Time: May 3rd, 2021 at 11am MDT

Speaker: Dr. Quevedo-Teruel at KTH Royal Institute of Technology

Oscar Quevedo-Teruel is a Senior Member of the IEEE. He received his Telecommunication Engineering Degree from Carlos III University of Madrid, Spain in 2005, part of which was done at Chalmers University of Technology in Gothenburg, Sweden. He obtained his Ph.D. from Carlos III University of Madrid in 2010 and was then invited as a postdoctoral researcher to the University of Delft (The Netherlands). From 2010-2011, Dr. Quevedo-Teruel joined the Department of Theoretical Physics of Condensed Matter at Universidad Autonoma de Madrid as a research fellow and went on to continue his postdoctoral research at Queen Mary University of London from 2011-2013.

In 2014, he joined the Division for Electromagnetic Engineering in the School of Electrical Engineering and Computer Science at KTH Royal Institute of Technology in Stockholm, Sweden where he is an Associate Professor and Director of the Master Programme in Electromagnetics Fusion and Space Engineering. He has been an Associate Editor of the IEEE Transactions on Antennas and Propagation since 2018 and is the founder and editor-in-chief of the EurAAP journal Reviews of Electromagnetics since 2020. He was the EurAAP delegate for Sweden, Norway, and Iceland from 2018-2020, and he has been a member of the EurAAP Board of Directors since January 2021. He is a distinguished lecturer of the IEEE Antennas and Propagation Society for the period of 2019-2022, and Chair of the IEEE APS Educational Initiatives Programme since 2020.

He has made scientific contributions to higher symmetries, transformation optics, lens antennas, metasurfaces, leaky wave antennas and high impedance surfaces. He is the co-author of 95 papers in international journals and 140 at international conferences.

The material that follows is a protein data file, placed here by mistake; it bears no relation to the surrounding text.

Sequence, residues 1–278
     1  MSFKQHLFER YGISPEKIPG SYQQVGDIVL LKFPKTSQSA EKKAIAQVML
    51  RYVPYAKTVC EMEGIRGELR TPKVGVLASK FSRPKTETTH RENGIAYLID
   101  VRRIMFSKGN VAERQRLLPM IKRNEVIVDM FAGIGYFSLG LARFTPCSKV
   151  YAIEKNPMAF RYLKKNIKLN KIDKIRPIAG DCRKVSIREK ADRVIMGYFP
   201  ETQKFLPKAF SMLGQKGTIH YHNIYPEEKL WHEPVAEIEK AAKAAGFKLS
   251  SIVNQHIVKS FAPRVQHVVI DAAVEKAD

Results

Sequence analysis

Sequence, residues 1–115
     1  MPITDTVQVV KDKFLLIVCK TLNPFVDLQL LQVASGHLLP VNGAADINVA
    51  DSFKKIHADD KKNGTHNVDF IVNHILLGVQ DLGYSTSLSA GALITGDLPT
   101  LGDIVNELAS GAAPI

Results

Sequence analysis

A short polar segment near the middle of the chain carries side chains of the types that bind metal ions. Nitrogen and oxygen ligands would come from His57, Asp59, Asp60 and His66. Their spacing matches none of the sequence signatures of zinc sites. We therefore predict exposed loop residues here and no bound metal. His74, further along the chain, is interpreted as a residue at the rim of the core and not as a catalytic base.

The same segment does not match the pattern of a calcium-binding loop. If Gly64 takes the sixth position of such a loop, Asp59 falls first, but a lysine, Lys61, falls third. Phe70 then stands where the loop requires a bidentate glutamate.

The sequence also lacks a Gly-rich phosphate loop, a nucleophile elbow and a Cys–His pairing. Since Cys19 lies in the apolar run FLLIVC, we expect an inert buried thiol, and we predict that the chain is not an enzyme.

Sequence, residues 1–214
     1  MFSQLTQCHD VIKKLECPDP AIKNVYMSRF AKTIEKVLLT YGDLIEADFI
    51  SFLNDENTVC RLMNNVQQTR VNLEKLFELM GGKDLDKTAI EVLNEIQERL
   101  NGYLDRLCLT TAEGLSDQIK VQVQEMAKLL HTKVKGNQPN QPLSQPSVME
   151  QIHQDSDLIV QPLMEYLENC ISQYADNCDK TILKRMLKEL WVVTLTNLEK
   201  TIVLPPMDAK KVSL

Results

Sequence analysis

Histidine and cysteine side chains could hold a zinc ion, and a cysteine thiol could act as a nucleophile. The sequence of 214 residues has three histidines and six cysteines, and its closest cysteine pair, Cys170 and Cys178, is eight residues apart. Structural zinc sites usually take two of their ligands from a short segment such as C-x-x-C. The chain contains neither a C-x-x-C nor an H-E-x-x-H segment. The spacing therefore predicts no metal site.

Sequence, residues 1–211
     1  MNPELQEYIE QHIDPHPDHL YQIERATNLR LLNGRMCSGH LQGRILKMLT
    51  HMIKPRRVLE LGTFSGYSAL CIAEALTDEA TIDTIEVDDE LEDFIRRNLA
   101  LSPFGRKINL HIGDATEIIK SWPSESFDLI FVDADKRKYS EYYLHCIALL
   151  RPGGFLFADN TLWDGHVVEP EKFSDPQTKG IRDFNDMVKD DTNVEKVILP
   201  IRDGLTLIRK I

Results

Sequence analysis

Fig. 1: Transformation of a cylindrical wave into a plane wave by using a convex lens represented with rays and waves.

Lens antennas are commonly englobed in a more general type of antennas, named aperture antennas. As their name indicates, they make use of a lens to modify the field distribution at the aperture of the antenna, which is typically fed by a single source. The lens is employed to transform the waves arriving from the source into a desired radiation pattern. Commonly, the desired radiation pattern is a directive beam in a given direction. However, similar to arrays, reflectors or leaky wave antennas, the goal changes depending on the application. For example, other desired features may be to produce multiple beams, or a broad beam-width.

Lenses were more commonly employed in optical applications. For this reason, most of the nomenclature comes from optics, and they are evaluated with rays theory. In this sense, the performance of the lens is conventionally described in terms of aberrations. An aberration is a failure of the rays to converge at the desired focus. This failure must be due to a defect or an improper design. Aberrations are classified as chromatic or monochromatic, depending on whether or not they have a frequency dependence. There are five monochromatic aberrations: spherical aberration, coma, astigmatism, Petzval field curvature, and distortion. However, this is not a common nomenclature for antenna designers in the radio-frequency and microwave regimes. In these regimes, the rays are substituted by electromagnetic fields, and the designers evaluate their antennas in terms of directivity, gain, efficiency, side lobe levels, cross polarization levels, etc. Therefore, there is a communication gap between both communities: optics and microwaves. In the THz regime, which is in between these two communities, researchers must understand both nomenclatures